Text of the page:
Why don't they just give in and put the Christmas decorations up immediately after Easter?  After all, the Easter Eggs will probably be in the shops in the January sales, so we might just as well close up the loop completely, might we not?

This country is rapidly getting to the position where there will soon be no point in the year when we're not in the middle of some stretched-out celebration or other.  And here, to clarify in a totally politically incorrect way, I mean the proper British celebrations and not all these extras that they're forever trying to import from abroad.

Sorry about that.  Got disturbed there for a couple of minutes.  No, it wasn't the front door this time, it was the phone.  Some woman called Jan asking if I'd like to do holiday cover for her column in a daily newspaper.  Apparently, for some strange reason, she might have quite a long holiday coming up.

So, anyway, where were we?  Oh yes, why on earth have the twelve days of Christmas managed to become the twelve weeks of Christmas?  That's the subject, for the few of you left out there who might not have guessed yet, for in-depth analysis under Nick Harvey's, Acme microscope this month.

When I endeavored to carry out some background research into this, not very, fascinating subject, I was told that it was probably due to the recession and the fact that we all need cheering up this year with an abnormally elongated yuletide.

That was the point where I decided that sufficient research had been completed, especially when the answer to the initial question appeared to be such a huge load of elephant excreta.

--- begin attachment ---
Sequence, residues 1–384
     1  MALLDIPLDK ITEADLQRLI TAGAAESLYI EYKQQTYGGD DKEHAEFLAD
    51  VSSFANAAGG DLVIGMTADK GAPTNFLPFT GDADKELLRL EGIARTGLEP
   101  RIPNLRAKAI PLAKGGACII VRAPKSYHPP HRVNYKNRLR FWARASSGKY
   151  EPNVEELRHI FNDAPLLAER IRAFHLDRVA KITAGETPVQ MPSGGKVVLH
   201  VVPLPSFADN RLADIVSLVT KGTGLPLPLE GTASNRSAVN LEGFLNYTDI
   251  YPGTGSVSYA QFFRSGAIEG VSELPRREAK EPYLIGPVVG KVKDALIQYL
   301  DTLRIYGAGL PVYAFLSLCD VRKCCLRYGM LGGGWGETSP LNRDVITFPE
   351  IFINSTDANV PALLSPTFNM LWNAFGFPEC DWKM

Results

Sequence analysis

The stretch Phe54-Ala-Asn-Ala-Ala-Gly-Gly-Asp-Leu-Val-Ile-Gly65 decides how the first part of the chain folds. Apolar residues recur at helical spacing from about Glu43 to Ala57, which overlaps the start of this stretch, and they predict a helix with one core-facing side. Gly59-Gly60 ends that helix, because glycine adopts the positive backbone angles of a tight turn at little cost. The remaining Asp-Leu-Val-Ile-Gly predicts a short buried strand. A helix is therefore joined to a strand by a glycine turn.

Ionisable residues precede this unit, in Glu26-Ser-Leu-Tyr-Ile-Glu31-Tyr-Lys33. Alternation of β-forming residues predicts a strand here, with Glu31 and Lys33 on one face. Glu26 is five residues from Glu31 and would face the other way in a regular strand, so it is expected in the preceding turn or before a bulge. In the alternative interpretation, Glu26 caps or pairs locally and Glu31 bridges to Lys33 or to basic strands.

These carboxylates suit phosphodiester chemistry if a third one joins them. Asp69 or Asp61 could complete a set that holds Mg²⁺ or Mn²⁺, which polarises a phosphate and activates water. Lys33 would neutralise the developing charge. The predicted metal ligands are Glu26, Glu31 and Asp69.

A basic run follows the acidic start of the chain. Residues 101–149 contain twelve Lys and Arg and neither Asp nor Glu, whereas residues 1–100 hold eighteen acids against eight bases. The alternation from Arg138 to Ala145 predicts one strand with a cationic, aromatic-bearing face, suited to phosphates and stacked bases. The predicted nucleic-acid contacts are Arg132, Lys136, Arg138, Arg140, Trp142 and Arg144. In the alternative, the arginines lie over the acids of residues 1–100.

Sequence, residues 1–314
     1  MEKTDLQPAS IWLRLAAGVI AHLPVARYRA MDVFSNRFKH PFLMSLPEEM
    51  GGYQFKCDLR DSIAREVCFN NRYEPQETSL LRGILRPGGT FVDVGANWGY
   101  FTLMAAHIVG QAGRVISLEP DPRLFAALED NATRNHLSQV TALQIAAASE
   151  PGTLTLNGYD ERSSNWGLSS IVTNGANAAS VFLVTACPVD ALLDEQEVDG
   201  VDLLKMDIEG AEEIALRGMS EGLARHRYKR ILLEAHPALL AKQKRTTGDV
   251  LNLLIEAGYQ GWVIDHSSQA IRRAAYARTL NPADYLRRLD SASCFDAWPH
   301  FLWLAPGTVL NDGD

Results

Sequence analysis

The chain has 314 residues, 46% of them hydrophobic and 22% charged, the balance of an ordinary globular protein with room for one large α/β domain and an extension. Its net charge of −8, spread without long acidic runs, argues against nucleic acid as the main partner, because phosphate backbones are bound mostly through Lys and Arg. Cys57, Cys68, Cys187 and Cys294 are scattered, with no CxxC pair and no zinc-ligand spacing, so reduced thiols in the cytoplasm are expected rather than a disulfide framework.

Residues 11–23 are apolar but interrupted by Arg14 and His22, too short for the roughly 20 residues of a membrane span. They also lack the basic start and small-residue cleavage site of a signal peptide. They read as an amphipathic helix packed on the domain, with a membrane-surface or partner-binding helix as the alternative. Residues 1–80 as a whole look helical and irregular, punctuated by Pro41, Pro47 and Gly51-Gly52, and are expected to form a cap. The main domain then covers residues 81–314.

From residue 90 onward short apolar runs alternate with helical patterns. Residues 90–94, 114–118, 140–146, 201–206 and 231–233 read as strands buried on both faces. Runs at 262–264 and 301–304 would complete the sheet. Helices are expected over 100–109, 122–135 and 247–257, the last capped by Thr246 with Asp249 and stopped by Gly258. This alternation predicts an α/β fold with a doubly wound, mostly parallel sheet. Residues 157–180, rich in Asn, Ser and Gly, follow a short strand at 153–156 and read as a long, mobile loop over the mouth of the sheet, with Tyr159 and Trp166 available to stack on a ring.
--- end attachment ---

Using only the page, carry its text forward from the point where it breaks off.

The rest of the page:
Why, I can't help wondering, do they think we'll all be cheered up by a much more lengthy Christmas, when one of the key, modern points to Christmas is buying each other very expensive presents, which none of us can afford this year because were all skint due to the soddin' recession?

Perhaps the idea behind starting Christmas in October is something to do with getting us all to send our cards early, I wondered.  Even that thought becomes a tad illogical, though, when you realise that the post probably isn't going to get through till next Easter.

Have you noticed that they always seem to go out on strike in the period before Christmas?  And why are they out on strike again, anyway?  Surely it's for the same reason that they were out on strike the last time?  Didn't anybody bother to tell them that that bloke from the TUC mediated the last time round and got an agreement to settle things?

Slam the lot of them in prison, I say.  Maggie missed a trick by not making striking in such an essential public service illegal.

There, that's upset another viewer or thirty-seven!  Well, surely you guessed from the heading that Nick Harvey was in a right stroppy mood this month?  You didn't?  You must be thick then!  There go another four-hundred-and-eleven!  We'll soon be down to just the true faithful devotees!

There you are, you see, I knew you, and the beige cardigan, would stay till the end regardless.  And it is the end, just about.  I've had enough of all these interruptions, so I'm going to sit right by the front door so I can better dispense my 'interesting' sweeties to the children.

There'll be more, of course, promptly on December the first, so do please join me then.  I'm not sure what I'll have to write about next month though, seeing as we've pretty well done Christmas to death already.  I'm sure I'll think of something though.

By the way, if you happen to read in the press about a nasty spate of tummy trouble in the children of central Wiltshire at the beginning of November, please don't mention a word.  Okay?  Right, I'm off, where's me loo roll?